Chinese, Spanish, English and German are just a few of the languages that you can hear in many Groningen pubs, bars and on the streets. Thousands of young people from all over the world come to Groningen to obtain a master’s degree or a PhD, or to spend a semester abroad. But why do they choose to come to Groningen. Perhaps because it is such a nice student city, or because the quality of education is so good? Whatever the reason, one question remains: how difficult is it to adapt to the cultures and customs of a new city?
A 22-year-old international communications student from China, Yuwei Zhao has been living in Groningen for two years. “I chose to come here because the city is so young, and I wanted to come into contact with different people and cultures, including the Dutch. At first, I was mainly meeting other international students, but eventually you find your place in the city and then you end up in conversation with Groningers. One thing that I have noticed is that people here are extremely direct. That’s less common in Asia, so that really took some getting used to, but I understand now that people aren’t being mean. In the end, it didn’t really take too much effort to build a life for myself here.”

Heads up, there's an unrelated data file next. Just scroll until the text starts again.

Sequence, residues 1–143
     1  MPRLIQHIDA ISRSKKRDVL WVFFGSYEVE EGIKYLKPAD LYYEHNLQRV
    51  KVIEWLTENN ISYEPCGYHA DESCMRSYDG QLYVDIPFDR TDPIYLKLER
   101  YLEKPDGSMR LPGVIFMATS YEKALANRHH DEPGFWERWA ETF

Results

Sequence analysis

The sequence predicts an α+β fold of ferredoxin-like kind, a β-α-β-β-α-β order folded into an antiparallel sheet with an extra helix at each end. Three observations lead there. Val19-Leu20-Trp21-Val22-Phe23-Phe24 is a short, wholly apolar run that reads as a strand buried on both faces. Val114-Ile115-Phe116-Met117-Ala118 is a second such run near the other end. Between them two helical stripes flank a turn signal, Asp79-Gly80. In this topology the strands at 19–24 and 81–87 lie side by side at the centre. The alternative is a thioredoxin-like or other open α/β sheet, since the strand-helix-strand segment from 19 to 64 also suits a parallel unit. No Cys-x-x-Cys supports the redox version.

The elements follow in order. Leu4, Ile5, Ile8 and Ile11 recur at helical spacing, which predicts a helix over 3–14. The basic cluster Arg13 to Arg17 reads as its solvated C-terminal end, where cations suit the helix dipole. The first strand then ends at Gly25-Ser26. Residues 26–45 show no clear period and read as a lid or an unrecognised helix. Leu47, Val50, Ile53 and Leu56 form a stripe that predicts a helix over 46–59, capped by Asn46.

“I was really surprised by all the bikes”, says 20-year-old Alex Stahno from the United States. “I’m from New York, and it would really be deadly to have so many bikes in New York City. What do I miss? My grocery store. I can’t read the labels so I don’t know what kind of butter to buy. It was also tough to make social contacts, but the introduction week helped to make sure that we got off to a good start in Groningen.”
Introduction to Dutch culture